teisho 1041 (2006)
Case 28 in the Hekiganroku:
Hyakujo asked: “Is there any dharma that has not yet been taught?”
Nansen said, “It is not mind, it is not Buddha, it is not a thing.”
A koan pushes us beyond our normal range of understanding. Some people say they do not know what koans are talking about. You are not supposed to know what they are talking about – something else has to be summoned in order for them to make sense. When that something else is summoned, it makes all the sense in the world. This ‘something else’ is not something out of this world; you do not get an experience of the transcendent. There is a turn-about and one sees the world in a new way.
One hears again and again of someone asking: “What is the Buddha?” or “Why did Bodhidharma come from the West?” It is asking in a formalised way, what is the transcendent? The form of the question is not so important, it is the questioning that is important, there is an opening there. If it is a genuine question, the person is asking to be shown what it is. A monk asked, “What is Buddha?” and Hyakujo responded, “Who are you?” There is the only possible response to all your questions: “What are you?” And the monk replied, “I am I.” Hyakujo then asked, “Do you know this I or not?” Why did he ask that question, what is behind that question? Hyakujo then held up his whisk and asked, “Do you see this?” Does the eye see it or do you see it? Is there a difference?
A monk asked, “How can I abide in the right dharma?” In other words, how can I practice correctly? Hyakujo said, “To seek to abide in the right dharma is the wrong dharma. The right dharma is neither right nor wrong.” People ask, what is the right way to practice? And once they have asked that, they are out of the practice, because they think the practice is over there and I am over here. They feel it is something apart from themselves that has to be added to themselves. You are the only right dharma, you are the only right practice. As long as you think there is a practice apart from yourself, then it becomes an exercise or a discipline. Allow the practice to arise. As the practice arises you are automatically one with it. Practice is you in process. Practice is an openness. Whatever is present at the moment – dryness, lots of thoughts – this is what you work with, this is you at the moment, this is the practice.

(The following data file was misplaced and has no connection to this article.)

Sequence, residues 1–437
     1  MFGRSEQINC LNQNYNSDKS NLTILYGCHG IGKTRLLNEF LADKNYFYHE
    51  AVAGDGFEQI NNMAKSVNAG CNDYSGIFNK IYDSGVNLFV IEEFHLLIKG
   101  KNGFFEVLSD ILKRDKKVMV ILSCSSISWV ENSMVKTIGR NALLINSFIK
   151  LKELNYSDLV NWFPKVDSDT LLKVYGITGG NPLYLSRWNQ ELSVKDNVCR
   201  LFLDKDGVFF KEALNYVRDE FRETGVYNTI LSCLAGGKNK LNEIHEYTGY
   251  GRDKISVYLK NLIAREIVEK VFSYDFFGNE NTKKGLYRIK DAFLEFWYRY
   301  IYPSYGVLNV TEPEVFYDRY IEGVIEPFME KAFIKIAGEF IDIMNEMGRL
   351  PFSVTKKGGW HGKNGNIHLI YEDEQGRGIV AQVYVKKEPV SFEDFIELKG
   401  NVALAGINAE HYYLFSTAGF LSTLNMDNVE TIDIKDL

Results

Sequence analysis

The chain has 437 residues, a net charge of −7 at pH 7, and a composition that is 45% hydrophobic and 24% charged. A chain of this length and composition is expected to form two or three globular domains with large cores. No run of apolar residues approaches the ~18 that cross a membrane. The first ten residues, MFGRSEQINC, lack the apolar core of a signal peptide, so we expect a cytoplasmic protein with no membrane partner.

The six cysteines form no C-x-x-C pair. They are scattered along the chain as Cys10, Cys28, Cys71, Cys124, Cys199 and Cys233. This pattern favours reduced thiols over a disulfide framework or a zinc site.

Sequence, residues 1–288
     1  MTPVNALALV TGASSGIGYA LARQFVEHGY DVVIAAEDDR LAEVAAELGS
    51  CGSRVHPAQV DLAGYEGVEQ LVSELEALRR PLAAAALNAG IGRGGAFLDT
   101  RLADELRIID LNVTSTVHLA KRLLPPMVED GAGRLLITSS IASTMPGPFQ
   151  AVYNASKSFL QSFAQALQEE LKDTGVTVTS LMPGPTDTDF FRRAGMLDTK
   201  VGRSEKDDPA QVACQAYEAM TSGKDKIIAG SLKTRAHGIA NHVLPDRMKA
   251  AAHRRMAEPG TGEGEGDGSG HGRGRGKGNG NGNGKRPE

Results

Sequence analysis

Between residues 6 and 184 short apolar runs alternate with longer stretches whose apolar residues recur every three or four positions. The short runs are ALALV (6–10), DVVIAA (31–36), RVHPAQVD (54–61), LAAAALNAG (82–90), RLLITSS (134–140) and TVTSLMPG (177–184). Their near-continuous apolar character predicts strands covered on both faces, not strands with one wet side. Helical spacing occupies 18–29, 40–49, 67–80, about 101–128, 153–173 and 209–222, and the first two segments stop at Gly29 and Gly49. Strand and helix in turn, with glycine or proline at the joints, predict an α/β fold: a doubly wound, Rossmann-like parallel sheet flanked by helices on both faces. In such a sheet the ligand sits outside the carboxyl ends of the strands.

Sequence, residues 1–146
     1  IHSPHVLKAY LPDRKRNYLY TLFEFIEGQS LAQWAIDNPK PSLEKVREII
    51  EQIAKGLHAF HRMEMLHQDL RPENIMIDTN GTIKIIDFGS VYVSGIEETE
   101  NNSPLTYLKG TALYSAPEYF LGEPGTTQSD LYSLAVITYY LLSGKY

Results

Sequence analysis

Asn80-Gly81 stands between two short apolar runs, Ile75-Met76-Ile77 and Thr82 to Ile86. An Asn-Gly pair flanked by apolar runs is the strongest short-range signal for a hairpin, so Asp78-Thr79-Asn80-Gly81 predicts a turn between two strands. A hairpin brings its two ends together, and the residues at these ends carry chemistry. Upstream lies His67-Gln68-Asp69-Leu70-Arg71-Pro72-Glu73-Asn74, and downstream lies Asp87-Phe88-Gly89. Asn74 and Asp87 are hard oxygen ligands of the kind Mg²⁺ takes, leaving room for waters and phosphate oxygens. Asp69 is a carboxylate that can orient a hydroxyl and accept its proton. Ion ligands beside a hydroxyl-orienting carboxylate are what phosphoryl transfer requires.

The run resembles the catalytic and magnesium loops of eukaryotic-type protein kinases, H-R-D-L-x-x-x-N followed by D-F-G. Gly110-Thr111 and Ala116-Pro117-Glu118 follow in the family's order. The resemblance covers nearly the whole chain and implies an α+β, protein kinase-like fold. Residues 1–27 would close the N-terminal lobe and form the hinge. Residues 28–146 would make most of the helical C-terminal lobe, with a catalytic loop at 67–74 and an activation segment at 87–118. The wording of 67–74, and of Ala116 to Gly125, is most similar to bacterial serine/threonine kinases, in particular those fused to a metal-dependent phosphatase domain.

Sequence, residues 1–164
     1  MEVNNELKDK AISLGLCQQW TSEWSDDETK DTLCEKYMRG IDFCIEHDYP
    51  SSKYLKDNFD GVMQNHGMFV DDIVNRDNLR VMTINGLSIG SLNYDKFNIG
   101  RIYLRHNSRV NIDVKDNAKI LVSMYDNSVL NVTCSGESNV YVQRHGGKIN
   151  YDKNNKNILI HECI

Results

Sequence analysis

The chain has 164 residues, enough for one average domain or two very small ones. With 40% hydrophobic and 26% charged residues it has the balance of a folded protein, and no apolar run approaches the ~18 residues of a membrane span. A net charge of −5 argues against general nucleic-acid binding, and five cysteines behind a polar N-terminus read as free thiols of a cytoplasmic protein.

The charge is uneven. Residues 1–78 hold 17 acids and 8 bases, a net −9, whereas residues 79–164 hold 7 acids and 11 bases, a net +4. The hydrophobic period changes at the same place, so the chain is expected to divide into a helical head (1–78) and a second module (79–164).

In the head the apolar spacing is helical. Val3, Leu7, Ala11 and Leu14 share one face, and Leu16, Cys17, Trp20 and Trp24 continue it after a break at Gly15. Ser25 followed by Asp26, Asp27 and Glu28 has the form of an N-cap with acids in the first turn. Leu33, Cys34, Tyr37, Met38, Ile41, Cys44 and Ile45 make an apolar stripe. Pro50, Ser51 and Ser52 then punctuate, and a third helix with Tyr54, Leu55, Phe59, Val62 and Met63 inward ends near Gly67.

People want to get outside their personality and Hyakujo is saying that you do not have to do anything about the personality, just refrain from sullying your self nature. How do you sully your self nature? By believing that you are the personality. How do you not sully your self nature?- by seeing that you are the personality. When you believe you are the personality you are identified with it. But the personality is just the way you act in the world, it is not ‘something’, you do not have to change it.
Someone asked, “Can we find deliverance by following your teaching?”
Hyakujo replied, “Since you are not bound, why do you seek deliverance?”
One of the functions of a teacher is to keep finding ways to break up the set views or habit patterns of students. This is why each time we talk we try to say it in another way, try to avoid getting into a rut as far as the teaching is concerned.
The primary thought structure that must be dissolved is: I am something, the world is something else. This is the primary ignorance. It is thoroughly ingrained in us, by our language, culture, by our education, and by our inclination.
How can we see into our true nature? How do we see into I am? That which ‘sees into’ is your true nature.
If you are working on Mu, you are working on Not Mu at the same time. If you are working on Who am I? you are working on no self at the same time. All that you know at the moment are somethings, this is the problem. So one works on ‘there is something’, but you work with the faith that there is no something. It is these two together that will make your practice.
When one is working on a koan one must find something that does not fit, a contradiction. You cannot take what Nansen said and try to understand it. When he said: “It is not mind, it is not Buddha, it is not things,” he is giving a teaching that the ancients have been unable to preach. Yet he is saying something that has been said over and over again in different ways, so how can it be said that it is something that has not been taught? How do you say something that cannot be put into words?
Just before his death, Buddha said that in all his years, he had not taught a single word.